The conference is designed to explore the notion of “embodied knowledge” from the perspective of the classical Greco-Roman world. In particular, we investigate examples of the crossing or dissolution of boundaries of the human embodied knowledge caused by deformation, hybridity, and the like.
Studies of ‘knowledge’ and of ‘the body’ often intersect in recent approaches to cultural studies. Social practices determine the form of the normative body, which in turn imposes certain behaviors on us. When these customs and norms are violated, embodied knowledge is destabilized and transformed.
Bodies are by their very nature unstable forms, and the transgression of boundaries can be unnerving. Embodied knowledge is thereby short-circuited, turning order into chaos.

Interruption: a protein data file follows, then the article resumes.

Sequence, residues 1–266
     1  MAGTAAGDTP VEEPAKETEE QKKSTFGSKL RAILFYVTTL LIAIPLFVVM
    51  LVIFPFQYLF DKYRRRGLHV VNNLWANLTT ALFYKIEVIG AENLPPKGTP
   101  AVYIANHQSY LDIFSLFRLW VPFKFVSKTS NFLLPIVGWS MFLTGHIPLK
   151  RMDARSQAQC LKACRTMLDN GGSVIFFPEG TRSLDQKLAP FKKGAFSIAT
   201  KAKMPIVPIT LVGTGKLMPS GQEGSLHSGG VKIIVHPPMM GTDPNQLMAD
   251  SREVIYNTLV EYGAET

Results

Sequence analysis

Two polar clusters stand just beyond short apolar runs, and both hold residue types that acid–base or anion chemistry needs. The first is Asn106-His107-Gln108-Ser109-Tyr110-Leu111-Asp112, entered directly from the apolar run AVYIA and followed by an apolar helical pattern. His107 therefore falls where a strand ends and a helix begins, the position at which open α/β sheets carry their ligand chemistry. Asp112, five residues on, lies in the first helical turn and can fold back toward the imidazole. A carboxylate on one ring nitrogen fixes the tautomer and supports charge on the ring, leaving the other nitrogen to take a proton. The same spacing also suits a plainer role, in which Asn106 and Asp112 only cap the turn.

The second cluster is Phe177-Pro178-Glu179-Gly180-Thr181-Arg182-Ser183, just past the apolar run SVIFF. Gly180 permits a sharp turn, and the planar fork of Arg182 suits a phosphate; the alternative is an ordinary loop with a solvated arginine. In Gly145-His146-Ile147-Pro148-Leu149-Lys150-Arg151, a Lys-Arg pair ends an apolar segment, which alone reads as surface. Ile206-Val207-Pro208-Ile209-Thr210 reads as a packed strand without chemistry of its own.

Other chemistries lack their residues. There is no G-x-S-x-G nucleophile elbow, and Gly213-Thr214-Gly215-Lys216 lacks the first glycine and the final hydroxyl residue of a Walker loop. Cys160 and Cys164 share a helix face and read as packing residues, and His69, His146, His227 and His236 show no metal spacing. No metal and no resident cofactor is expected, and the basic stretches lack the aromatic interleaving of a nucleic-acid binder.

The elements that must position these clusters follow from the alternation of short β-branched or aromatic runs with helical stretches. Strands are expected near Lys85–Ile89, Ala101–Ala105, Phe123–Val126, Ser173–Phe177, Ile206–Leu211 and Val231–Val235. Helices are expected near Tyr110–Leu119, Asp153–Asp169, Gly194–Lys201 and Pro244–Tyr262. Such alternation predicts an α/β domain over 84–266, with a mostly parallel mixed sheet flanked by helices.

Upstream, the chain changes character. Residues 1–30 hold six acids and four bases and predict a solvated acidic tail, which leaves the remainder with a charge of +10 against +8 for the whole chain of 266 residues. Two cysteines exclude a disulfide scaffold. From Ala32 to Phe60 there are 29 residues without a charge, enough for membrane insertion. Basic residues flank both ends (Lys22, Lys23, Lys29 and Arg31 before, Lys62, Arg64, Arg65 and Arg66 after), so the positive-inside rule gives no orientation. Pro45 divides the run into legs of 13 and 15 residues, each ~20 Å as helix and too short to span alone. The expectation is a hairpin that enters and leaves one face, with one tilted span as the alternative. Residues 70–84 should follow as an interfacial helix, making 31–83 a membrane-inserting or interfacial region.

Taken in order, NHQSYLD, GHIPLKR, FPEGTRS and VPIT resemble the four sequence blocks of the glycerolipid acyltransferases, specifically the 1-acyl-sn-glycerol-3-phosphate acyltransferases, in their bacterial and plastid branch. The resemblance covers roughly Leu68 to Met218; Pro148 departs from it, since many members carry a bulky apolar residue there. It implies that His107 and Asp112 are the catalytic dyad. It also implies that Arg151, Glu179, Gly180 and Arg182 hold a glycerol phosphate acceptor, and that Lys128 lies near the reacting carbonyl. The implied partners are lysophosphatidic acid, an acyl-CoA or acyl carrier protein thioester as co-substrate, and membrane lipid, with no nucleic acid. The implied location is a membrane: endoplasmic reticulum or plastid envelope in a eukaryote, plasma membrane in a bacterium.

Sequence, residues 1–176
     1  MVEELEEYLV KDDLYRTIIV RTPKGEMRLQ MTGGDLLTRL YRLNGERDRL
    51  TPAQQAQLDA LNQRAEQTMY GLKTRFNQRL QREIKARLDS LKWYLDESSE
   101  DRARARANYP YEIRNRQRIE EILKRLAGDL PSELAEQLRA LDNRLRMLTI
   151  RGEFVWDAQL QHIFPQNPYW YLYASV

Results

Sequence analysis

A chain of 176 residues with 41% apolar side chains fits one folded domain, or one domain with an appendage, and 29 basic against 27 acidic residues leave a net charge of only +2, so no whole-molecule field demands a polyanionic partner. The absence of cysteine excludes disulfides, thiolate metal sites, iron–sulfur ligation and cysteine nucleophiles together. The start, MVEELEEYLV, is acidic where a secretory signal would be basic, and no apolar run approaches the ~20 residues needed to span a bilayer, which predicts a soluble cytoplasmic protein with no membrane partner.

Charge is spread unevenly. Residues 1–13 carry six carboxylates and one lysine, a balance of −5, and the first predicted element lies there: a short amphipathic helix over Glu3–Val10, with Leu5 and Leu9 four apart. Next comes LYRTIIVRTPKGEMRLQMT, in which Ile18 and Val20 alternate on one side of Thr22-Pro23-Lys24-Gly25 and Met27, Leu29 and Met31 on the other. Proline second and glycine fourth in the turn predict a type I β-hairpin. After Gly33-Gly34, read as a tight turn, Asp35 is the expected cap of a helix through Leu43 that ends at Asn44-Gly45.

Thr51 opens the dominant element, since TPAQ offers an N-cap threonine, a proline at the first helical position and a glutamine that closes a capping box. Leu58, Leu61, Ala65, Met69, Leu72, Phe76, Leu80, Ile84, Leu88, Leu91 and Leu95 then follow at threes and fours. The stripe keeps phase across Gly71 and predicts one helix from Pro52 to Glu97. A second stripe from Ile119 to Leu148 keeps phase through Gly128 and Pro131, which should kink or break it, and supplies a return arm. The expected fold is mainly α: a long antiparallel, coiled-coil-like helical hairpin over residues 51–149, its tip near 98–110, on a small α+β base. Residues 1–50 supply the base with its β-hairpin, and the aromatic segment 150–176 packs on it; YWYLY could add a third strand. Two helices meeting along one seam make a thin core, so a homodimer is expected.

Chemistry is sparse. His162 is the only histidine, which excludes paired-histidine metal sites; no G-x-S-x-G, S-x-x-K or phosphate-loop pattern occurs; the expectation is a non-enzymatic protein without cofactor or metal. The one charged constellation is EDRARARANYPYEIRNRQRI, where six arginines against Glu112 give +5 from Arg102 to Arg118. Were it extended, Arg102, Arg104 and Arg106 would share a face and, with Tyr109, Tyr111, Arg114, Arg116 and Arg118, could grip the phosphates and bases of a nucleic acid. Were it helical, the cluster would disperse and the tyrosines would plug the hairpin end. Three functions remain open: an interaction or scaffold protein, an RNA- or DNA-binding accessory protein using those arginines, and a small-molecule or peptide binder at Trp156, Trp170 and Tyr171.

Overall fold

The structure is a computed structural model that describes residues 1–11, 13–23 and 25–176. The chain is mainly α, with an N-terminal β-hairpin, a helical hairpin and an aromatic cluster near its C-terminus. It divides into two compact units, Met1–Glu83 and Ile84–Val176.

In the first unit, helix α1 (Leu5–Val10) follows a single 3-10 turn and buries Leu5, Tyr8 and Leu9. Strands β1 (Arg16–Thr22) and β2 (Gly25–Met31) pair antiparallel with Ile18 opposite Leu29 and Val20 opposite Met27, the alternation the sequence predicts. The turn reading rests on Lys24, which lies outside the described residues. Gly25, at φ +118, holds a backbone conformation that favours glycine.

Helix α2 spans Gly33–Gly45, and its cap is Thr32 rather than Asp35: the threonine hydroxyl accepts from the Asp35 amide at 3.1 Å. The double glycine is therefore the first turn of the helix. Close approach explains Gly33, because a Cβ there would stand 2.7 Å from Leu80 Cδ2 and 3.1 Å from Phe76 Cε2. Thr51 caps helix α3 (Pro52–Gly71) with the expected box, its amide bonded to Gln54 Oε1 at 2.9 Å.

One way of bringing transgressive bodies under control is through the medium of visual representation. The image makes order out of chaos; the body is objectified and, in a later phase, even estheticized.
Images of boundary-crossing bodies are especially susceptible to new interpretations, one reason for their persistence across cultures. The viewer sets a fixed image in motion, imagines a multiplicity of other forms, other meanings. In this respect the conference “Fluide Körper – Bodies in Transition” reflects one of the missions of the Center for Advanced Studies ‘Morphomata’ – to study how cultural phenomena remain consistent in form but take on new meanings over time and across borders.